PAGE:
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The fire chief of Staffordshire Fire and Rescue Services has issued a warning about the dangers of make-up and vanity mirrors when placed in direct sunlight, after a fire broke out at a care home in Staffordshire.
The warning comes in the wake of a fire at Nethermoor House care home in Rugeley, Staffordshire. The cause of the fire was direct sunlight shining onto a make-up mirror, which then set light to nearby curtains.
Firefighters from Rugeley and Cannock put out the fire in a first-floor bedroom of the home on 1 February; they wore breathing apparatus and used a hose reel jet to extinguish the blaze, and smoke was also cleared from the premises.
The fire was stopped from spreading further by the vigilance of a cleaner in the home, who smelt burning. The building was evacuated and the emergency services alerted.
Station Manager Tim Hollingworth praised the staff at the home for dealing with the blaze so swiftly. He said “It is very fortunate that the cleaner acted quickly when she smelt the smoke, before the alarms even activated, and the care home staff did an excellent job, working calmly and quickly, to evacuate residents.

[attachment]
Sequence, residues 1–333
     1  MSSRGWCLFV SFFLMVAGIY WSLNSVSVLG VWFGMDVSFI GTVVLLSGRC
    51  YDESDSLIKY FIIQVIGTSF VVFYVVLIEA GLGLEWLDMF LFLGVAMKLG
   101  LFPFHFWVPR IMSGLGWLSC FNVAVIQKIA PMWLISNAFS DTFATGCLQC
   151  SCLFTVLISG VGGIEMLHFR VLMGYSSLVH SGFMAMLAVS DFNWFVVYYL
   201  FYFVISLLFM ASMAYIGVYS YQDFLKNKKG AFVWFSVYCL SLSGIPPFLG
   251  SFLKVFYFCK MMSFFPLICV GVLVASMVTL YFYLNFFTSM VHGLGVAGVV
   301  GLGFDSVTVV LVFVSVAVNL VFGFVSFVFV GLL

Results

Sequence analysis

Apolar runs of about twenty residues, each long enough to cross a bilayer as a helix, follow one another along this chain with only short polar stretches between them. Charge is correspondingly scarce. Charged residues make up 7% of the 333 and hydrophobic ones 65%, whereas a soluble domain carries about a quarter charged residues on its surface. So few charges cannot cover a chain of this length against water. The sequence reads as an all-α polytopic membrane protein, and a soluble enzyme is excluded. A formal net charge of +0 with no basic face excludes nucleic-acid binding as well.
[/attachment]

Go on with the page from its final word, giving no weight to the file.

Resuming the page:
“Crews quickly extinguished the fire and once it was safe, elderly residents were able to return to another area of the building to get out of the cold. Thankfully no one was injured but all residents were assessed by paramedics as a precaution as it was quite a shock for them having to be evacuated.”
Now the fire chief is warning people who either work in or visit care homes about the potential dangers of placing mirrors in windows; something that is often overlooked in a care home environment.
Mr Hollingworth said: “People don’t realise that sunlight can be extremely powerful and if reflected off the surface of a mirror it can produce enough heat to ignite flammable materials.”
Mirrors that magnify are particularly dangerous, according to Mr Hollingworth. He said: “Always keep reflective items such as mirrors away from direct sunlight. Special care should be taken with convex and concave shaving or make-up mirrors which can magnify the sun’s rays onto combustible items such as blinds, curtains or bedding, causing them to ignite.”
However, it is not just mirrors that can cause these types of fires. Back in 2015, there was a well-documented house fire that started in Twickenham, after low sunlight was refracted by a 'Nutella' jar containing rubber ‘loom bands’, which was placed on a kitchen window sill. The house was destroyed, and a dog died in the fire.
London Fire Brigade which dealt with the blaze recorded that there had been as many as 125 fires started by mirrors or glass and direct sunlight in a five-year period.